ELIZABETHTON, Tenn. (WJHL) – Carter County 911 officials said citizens are abusing the 911 system over some animal-related calls, and they could incur criminal penalties if those calls persist.

At Tuesday night’s meeting of the Elizabethton Carter County Animal Shelter Board, several members of the 911 Board came to express their frustration with receiving calls that should be going to county animal control.

Those non-emergency calls involve situations like stray animals and disputes between neighbors. 911 officials said having to respond to those calls bogs down first responders.

Board members on both sides agreed that a public information campaign about who to call in an animal-related situation was necessary.

But they said incurring criminal penalties for people who call 911 over an animal in a non-emergency situation could result in a misdemeanor.

They said if the call volume does not decrease they may have to look at enforcing that penalty, a crime already written into Tennessee state law.

“If we keep getting 911 overloaded with non-emergency calls, then I’m sure that it’s going to come to a point to where the citations will be warranted,” said animal shelter Director Shannon Posada.

A single offense of calling 911 in a non-emergency results in a Class C misdemeanor. Multiple calls can result in a Class A misdemeanor.

The shelter runs animal control, but it only has one animal control officer for the entire county.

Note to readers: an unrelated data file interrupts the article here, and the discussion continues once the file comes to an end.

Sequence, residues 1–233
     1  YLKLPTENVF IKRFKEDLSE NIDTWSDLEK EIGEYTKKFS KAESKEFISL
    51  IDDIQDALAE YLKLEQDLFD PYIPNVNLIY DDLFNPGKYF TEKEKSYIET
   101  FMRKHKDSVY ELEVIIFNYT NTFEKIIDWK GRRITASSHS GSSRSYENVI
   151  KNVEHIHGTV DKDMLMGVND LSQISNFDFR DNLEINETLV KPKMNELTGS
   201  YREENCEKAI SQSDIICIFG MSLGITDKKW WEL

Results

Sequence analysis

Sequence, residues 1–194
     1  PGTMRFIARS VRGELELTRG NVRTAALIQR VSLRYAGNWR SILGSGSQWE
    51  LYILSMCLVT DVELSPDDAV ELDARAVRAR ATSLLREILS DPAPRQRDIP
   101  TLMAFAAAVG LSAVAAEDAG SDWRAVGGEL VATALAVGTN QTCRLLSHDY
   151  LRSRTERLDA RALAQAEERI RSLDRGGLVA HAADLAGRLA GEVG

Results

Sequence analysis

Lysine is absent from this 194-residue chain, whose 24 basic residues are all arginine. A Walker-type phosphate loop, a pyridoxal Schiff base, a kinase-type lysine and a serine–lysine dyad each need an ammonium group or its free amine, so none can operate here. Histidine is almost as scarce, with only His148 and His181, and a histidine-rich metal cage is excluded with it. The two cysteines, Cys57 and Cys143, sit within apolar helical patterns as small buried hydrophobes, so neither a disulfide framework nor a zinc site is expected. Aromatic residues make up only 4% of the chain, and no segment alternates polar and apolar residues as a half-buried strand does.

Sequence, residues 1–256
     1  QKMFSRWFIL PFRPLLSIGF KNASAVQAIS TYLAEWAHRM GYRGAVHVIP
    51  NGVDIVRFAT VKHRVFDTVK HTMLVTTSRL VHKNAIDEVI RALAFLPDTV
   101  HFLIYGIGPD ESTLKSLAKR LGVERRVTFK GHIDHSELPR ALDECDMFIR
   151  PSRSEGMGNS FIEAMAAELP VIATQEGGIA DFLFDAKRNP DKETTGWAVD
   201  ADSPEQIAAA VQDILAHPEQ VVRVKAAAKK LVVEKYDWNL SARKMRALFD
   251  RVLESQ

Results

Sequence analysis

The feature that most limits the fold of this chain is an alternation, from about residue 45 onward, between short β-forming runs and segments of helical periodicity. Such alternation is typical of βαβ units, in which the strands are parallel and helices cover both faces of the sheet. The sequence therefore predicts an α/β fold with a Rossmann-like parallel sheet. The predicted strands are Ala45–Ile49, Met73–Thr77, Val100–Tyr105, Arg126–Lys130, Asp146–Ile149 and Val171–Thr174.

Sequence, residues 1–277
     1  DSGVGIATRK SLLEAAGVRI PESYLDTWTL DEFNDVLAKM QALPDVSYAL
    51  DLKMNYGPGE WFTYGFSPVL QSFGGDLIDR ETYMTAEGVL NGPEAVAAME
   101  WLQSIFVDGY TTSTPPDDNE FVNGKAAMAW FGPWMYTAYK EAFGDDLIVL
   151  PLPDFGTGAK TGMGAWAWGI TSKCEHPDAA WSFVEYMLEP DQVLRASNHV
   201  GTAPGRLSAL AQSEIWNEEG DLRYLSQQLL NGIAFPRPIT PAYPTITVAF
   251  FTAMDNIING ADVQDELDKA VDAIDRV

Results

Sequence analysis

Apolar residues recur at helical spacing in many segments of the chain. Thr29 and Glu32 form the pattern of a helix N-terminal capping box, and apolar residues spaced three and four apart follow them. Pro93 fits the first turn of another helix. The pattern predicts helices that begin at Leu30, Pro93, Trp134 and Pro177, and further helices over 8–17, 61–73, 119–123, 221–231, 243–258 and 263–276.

Posada said it takes a while for that officer to get around to calls due to travel time, but people get impatient and call 911 hoping for a quicker response to a non-emergency.

“People are calling just because it’s convenient to call 911 in hopes of getting a quicker response rather than going through the shelter and waiting until he gets off of another call,” Posada said.

She said it is often the same people that will abuse the 911 system in non-emergencies, and people have sometimes misled 911 operators to trigger a law enforcement response.

The public information campaign would involve letting people know what constitutes an animal emergency.

Carter County 911 Director Dale Blevins said citizens should only call 911 in situations involving animal abuse or neglect, aggressive animals, or injured and at-risk animals.

“All other animal issues, a stray you’ve got contained or an animal you’re needing to turn into the shelter, those need to be taken care of during the business hours of the shelter,” Blevins said.

Blevins said the volume of calls for animal non-emergencies has gone up month after month.

“For the month of May, we had 68 of those calls. Large majority of those of non-emergency calls,” Blevins said.

Blevins said responding to those calls keeps Carter County sheriff’s deputies and Elizabethton police officers from doing their jobs.

“It takes that deputy away from a possible emergency,” Blevins said. “They’re having to spend time and the county’s money trying to check out a non-emergency call that really doesn’t require law enforcement.”

Posada was hopeful the campaign could result in a decrease in those 911 calls.

“I think if people would adhere to what we’re asking, to call the shelter for your routine needs, then I don’t think there will be a need for citations and prosecuting on through court,” Posada said.

The Animal Shelter Board and 911 Board said they would re-assess the situation in a couple months.

Animal non-emergencies should be handled by Carter County Animal Control during business hours Monday-Friday from 10 a.m. to 4:30 p.m.